Much of the "free world" is likely to pronounce the Palestinian election legitimate, because the world wants a "peace partner" it can use to badger Israel into making further concessions. The world has ignored all of Israel's previous concessions, including Prime Minister Ariel Sharon's new pledge to pull "settlers" out of Gaza by February, instead of later this summer as he had previously promised.
A preview of the coming Palestinian election can be found by flashing back to a previous one in 1996. That election was supervised by international and Israeli observers. It was labeled "free and democratic" by such global figures as then-President Bill Clinton, former President Jimmy Carter, and then-Israeli Prime Minister Shimon Peres, as well as the United Nations, European leaders, The New York Times, CNN and the three American broadcast networks.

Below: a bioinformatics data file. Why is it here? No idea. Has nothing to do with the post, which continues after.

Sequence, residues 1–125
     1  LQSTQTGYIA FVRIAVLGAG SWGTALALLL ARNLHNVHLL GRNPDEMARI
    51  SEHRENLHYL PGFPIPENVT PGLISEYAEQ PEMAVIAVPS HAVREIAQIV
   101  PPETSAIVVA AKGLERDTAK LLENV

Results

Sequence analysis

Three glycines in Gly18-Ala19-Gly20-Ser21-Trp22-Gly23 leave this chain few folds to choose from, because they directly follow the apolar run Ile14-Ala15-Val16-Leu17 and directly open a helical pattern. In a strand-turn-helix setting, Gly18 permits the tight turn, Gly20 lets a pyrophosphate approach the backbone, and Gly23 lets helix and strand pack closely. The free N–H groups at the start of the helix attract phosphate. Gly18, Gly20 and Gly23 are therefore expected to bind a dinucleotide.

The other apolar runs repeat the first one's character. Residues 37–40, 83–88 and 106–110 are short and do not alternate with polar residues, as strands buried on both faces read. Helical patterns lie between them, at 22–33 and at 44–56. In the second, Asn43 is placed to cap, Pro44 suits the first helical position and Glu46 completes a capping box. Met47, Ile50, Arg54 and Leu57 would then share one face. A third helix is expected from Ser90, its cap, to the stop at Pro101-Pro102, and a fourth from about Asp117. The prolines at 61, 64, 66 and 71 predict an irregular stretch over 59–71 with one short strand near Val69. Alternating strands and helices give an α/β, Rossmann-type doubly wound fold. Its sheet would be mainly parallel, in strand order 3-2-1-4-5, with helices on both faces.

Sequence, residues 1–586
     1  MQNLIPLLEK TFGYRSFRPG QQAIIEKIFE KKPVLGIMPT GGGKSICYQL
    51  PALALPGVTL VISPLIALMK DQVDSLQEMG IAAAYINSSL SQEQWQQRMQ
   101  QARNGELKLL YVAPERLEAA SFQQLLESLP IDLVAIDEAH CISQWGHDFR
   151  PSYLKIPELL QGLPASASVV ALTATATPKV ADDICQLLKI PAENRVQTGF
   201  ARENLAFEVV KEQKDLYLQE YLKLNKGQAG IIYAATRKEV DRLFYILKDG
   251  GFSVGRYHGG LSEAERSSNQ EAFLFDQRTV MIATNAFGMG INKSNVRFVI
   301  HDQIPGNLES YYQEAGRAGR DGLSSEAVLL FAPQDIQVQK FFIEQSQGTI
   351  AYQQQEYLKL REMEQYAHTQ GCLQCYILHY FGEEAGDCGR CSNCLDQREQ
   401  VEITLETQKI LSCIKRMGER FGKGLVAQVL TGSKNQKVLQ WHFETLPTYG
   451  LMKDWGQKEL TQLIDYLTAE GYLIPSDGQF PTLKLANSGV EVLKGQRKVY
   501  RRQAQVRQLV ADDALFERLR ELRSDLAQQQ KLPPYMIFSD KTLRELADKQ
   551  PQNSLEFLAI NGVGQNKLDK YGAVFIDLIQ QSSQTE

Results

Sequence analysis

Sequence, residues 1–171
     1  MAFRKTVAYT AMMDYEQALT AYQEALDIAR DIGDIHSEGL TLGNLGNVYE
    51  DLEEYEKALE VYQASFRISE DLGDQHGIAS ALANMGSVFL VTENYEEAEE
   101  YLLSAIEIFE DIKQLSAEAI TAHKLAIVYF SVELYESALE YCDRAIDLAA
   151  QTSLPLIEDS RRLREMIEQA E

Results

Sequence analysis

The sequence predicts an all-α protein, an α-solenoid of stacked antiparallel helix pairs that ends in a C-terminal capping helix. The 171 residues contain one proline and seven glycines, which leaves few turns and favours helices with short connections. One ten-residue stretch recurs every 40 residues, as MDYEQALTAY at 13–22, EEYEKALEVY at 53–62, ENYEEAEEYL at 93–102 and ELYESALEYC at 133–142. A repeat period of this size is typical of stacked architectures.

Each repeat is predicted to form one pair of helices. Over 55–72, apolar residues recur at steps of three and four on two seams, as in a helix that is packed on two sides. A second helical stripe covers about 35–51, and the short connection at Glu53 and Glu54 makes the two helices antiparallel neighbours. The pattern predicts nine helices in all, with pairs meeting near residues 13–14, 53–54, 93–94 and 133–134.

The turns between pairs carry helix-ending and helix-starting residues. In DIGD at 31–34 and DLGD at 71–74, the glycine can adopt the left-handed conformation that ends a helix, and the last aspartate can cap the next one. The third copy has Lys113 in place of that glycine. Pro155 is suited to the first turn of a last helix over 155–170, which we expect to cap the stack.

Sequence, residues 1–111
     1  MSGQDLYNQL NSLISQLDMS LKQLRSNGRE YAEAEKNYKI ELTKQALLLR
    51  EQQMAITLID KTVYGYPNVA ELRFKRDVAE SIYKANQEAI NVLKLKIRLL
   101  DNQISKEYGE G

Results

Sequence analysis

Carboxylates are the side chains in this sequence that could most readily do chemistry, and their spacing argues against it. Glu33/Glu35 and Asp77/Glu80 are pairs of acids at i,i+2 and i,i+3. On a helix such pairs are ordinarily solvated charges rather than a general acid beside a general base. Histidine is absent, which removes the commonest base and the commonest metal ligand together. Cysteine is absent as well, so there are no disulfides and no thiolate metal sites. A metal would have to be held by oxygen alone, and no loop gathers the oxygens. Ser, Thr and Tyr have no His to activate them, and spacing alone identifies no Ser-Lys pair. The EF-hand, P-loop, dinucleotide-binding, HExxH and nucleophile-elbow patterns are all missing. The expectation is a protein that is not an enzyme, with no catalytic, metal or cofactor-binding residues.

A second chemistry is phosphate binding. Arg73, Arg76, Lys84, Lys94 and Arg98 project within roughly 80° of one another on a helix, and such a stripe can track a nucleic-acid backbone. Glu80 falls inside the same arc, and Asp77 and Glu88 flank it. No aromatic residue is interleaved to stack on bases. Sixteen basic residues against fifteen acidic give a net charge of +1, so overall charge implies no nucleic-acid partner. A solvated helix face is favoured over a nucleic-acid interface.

Thus, the terrorists received not only an extreme makeover in much of the world's eyes, but an upgrade in their diplomatic status. That election changed nothing. The 11-year-old terror campaign continues.
As Ettinger writes, a prerequisite to free elections and peaceful coexistence "is the uprooting of the regime, which has been responsible for the deterioration of the Palestinian society."
None of those running for Palestinian leader, indeed, none of those in the Palestinian leadership, have given any indication of repudiating Arafat's strategy of terror until the singular goal of eliminating Israel is achieved.
Freedom is celebrated in U.S. elections and it appears to be on the march in Ukraine and possibly Iraq, but the Palestinian election will produce more of the same. Three out of four good elections would still be a good thing, but the world should not deceive itself that what happens in the Palestinian election will produce a change in policy or direction.
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